Regional circadian period difference in the suprachiasmatic nucleus of the mammalian circadian center


Correspondence: Dr Y. Shigeyoshi, as above.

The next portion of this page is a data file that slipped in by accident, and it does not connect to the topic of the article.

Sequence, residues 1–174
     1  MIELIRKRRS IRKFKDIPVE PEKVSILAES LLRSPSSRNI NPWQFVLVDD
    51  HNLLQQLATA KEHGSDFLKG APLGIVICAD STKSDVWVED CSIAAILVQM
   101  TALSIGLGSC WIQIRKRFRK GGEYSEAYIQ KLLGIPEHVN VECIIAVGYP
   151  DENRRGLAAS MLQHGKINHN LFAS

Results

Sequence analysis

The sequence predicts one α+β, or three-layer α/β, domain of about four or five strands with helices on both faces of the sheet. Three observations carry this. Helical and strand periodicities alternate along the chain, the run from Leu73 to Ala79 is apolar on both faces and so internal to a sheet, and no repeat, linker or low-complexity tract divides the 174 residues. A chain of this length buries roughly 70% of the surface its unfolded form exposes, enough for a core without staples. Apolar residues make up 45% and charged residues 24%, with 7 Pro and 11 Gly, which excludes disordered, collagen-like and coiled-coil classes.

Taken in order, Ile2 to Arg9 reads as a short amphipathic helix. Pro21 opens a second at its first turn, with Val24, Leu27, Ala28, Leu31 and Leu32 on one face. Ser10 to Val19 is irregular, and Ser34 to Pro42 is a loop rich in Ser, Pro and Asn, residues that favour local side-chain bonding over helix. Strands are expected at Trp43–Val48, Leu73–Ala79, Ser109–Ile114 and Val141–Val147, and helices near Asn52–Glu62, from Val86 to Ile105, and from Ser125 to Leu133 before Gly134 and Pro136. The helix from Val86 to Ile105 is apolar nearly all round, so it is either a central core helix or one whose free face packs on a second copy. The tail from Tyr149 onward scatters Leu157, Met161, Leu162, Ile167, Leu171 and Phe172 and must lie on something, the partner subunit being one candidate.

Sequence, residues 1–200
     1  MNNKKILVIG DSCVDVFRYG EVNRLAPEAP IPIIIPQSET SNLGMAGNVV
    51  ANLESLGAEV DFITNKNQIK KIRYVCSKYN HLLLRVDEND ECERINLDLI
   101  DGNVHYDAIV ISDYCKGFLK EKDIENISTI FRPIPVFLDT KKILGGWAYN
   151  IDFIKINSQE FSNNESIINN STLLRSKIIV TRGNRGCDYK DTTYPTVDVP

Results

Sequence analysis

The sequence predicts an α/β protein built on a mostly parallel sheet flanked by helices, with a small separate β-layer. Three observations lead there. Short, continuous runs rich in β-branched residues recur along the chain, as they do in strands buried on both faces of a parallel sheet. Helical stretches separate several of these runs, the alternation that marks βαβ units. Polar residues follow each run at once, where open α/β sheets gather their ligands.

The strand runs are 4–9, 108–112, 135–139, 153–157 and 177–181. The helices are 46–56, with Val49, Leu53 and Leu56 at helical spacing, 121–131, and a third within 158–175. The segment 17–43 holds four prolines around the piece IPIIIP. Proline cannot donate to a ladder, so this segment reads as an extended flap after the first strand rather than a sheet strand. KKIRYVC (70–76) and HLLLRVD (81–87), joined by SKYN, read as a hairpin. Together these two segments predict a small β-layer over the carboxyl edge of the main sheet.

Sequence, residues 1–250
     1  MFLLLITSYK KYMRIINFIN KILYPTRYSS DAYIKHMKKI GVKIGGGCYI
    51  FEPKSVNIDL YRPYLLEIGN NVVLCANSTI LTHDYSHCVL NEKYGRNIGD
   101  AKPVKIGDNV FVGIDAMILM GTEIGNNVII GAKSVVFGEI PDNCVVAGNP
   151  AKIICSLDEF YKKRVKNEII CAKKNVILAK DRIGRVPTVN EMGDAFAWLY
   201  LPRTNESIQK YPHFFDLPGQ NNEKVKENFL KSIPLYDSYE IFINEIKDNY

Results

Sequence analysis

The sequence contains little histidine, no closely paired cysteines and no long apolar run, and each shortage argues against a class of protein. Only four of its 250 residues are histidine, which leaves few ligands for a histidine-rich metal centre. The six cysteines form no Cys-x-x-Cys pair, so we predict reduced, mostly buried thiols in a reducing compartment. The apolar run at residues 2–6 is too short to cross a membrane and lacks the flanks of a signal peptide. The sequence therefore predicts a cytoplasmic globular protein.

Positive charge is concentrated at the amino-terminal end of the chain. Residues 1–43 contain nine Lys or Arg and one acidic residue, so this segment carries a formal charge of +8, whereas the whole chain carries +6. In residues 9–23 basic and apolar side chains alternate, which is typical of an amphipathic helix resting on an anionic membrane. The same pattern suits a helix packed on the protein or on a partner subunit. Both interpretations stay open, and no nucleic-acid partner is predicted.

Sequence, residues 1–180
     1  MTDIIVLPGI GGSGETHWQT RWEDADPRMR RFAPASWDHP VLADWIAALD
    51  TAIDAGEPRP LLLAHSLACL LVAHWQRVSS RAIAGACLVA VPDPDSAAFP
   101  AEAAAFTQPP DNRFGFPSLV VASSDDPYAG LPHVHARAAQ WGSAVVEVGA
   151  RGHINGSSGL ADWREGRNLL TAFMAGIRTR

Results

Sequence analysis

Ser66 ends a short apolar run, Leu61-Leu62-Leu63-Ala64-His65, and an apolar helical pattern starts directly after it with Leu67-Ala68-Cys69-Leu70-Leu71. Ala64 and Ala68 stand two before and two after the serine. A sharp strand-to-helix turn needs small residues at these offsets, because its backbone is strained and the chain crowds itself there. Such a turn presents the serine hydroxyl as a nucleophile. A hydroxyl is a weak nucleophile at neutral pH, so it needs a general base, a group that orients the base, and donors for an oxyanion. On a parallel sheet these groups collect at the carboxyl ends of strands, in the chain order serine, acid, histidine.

The suprachiasmatic nucleus (SCN) is the mammalian circadian rhythm center. Individual oscillating neurons have different endogenous circadian periods, but they are usually synchronized by an intercellular coupling mechanism. The differences in the period of each oscillating neuron have been extensively studied; however, the clustering of oscillators with similar periods has not been reported. In the present study, we artificially disrupted the intercellular coupling among oscillating neurons in the SCN and observed regional differences in the periods of the oscillating small-latticed regions of the SCN using a transgenic rat carrying a luciferase reporter gene driven by regulatory elements from a per2 clock gene (Per2::dluc rat). The analysis divided the SCN into two regions – a region with periods shorter than 24 h (short-period region, SPR) and another with periods longer than 24 h (long-period region, LPR). The SPR was located in the smaller medial region of the dorsal SCN, whereas the LPR occupied the remaining larger region. We also found that slices containing the medial region of the SCN generated shorter circadian periods than slices that contained the lateral region of the SCN. Interestingly, the SPR corresponded well with the region where the SCN phase wave is generated. We numerically simulated the relationship between the SPR and a large LPR. A mathematical model of the SCN based on our findings faithfully reproduced the kinetics of the oscillators in the SCN in synchronized conditions, assuming the existence of clustered short-period oscillators.